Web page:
You are going along when all of a sudden you see a dog charging toward you. Even if you are on a bike, you may not be able to outrun it, and so you are not sure how to react.
This happened, fairly recently, to a friend of mine. But, he said, that when he turned around he saw that the dog was barely bigger than his foot. He turned to run away, but the dog kept yapping at his heels, and afraid that the dog might bite him, he turned around to kick the dog away. Before he could follow through, though, the dog flinched and ran away. Then he asked me the question:
What it I did kick the dog? Could I get in trouble for injuring someone’s pet even though I feel threatened?
How to React
First, let’s talk about what to do before you reach the point of aggressively engaging the dog.
- Don’t panic. There’s some truth to the adage that dogs and other animals can sense fear. If you become agitated and scream, you may make the dog feel more confident in his attack, or you may appear threatening to the dog. Neither of these is a good situation.
- Stand still and don’t make eye contact. Running from the dog often awakens its predatory instincts and may cause it to fully engage you. This also might occur if you look the dog in the eye and cause it to feel threatened. The best thing to do is to put your hands in your pocket and stand still, slightly angled away from the dog.
- Give it something else to bite. If you have access to a water bottle or a stick or something else, giving this to the dog may distract him long enough for you to ease away.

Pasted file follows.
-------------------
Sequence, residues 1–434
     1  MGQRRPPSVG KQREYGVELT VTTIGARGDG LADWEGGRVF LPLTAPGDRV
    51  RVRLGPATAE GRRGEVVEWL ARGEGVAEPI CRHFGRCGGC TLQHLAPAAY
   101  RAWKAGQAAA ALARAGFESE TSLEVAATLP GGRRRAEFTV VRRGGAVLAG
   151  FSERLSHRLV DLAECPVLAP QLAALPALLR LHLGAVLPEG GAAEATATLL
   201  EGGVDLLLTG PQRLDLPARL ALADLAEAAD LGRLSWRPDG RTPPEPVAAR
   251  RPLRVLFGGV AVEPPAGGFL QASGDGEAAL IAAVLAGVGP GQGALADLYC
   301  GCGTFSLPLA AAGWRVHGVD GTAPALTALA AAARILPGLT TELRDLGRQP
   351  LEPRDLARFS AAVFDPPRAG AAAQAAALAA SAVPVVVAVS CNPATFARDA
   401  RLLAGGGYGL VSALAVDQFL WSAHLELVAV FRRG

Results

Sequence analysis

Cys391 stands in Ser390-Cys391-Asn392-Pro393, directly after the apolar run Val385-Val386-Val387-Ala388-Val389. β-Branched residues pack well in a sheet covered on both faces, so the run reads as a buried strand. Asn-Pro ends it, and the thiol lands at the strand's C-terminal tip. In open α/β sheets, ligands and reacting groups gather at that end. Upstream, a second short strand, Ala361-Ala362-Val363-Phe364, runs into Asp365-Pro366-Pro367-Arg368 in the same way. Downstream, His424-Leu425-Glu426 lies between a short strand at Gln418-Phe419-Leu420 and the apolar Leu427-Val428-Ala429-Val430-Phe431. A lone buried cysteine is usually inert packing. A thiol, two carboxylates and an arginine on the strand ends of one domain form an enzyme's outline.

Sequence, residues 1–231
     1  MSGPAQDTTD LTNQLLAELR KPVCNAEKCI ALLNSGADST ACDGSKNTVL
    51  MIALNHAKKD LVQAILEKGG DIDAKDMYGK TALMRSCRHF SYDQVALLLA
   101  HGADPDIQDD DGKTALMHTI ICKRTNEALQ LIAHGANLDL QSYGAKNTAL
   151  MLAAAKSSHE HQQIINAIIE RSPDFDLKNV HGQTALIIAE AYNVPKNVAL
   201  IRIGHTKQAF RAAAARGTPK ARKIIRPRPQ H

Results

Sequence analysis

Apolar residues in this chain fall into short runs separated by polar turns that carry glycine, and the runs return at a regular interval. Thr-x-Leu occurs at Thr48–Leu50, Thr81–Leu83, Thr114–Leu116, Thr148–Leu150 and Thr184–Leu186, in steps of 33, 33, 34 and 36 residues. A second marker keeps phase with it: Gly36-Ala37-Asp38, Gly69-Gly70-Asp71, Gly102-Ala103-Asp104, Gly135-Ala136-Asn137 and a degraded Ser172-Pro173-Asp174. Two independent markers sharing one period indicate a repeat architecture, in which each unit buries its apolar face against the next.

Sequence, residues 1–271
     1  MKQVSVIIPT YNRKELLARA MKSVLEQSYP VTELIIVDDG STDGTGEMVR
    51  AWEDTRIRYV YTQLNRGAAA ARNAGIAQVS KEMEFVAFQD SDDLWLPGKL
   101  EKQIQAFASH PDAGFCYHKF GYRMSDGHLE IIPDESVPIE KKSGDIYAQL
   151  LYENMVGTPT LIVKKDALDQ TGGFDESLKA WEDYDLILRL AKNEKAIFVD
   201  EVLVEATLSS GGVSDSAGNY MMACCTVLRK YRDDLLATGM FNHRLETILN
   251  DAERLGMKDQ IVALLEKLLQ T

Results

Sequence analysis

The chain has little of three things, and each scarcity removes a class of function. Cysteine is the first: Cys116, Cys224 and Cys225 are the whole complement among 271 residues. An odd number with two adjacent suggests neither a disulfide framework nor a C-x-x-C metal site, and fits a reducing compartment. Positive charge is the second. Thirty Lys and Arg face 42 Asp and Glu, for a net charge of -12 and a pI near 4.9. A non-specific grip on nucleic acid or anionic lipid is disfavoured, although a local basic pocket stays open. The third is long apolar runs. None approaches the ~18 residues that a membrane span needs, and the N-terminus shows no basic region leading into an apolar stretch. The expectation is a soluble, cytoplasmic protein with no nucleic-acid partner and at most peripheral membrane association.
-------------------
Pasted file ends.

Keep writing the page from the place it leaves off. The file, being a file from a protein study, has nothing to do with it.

- Command it to go home. If nothing else works, turn toward the dog and command it to go home in a loud and authoritative voice. Sometimes the dog will submit and leave.
What to do if these methods don’t work and the dog lunges
The following is the general law for defending yourself against a dog that is attacking you. It is lawful for a person to repel an attack by a dog:
[O]ne is ‘privileged to destroy an animal for the purpose of defending himself or third persons against harm threatened by the animal, (a) if its actions led him to know or reasonably believe that the animal would inflict such harm and (b) the destruction was reasonable in view of the gravity of the harm threatened and (c) the person reasonably believed the harm could be prevented only by immediate destruction of the animal. (Devincenzi v. Faulkner (1959) 174 Cal.App.2d 250, 254-5.)
The law of self-defense permits aggression only for the purpose of meeting aggression. It does not permit revenge killing. “It is not the dog’s predatory habits, nor his past transgressions, nor his reputation, however bad, but the doctrine of self-defense, whether of person or property, that gives the right to kill.” (State v. Smith (1911) 156 N.C. 628, 72 S.E. 321.) There is no legal justification that will protect a person for killing or injuring a dog that bit him or her at a prior time if the dog presented no threat at the time of the killing or injuring. (Found at Dogbitelaw.com, for more detailed codes regarding your area of residence, please consult your state’s laws and codes.)
So How Do I Fight Back?
If you are in accordance with the law above, you are fully permitted by law to repel the attack. The three sources who offered the tips above about how also show how to repel the attack.
- Don’t hit the dog in the head: Dogs have thick skulls and this will only anger them.
- Yell for help
- Grab a stick. If you can get a stick or something long, force it into the dog’s jaw and push it into the dog’s mouth. This will loosen the dog’s grip and will hopefully cause it to gag and release you.
- Go for the eyes: Going for the dog’s eyes can repel the dog and temporarily impair its vision.
If you or someone you know has been involved in a dog bite incident, please contact us and let us help you to receive the compensation needed to get you back on your feet. We will provide you with our free book, The Utah Dog Bite & Attack Handbook, and we will provide you with the advice you need most.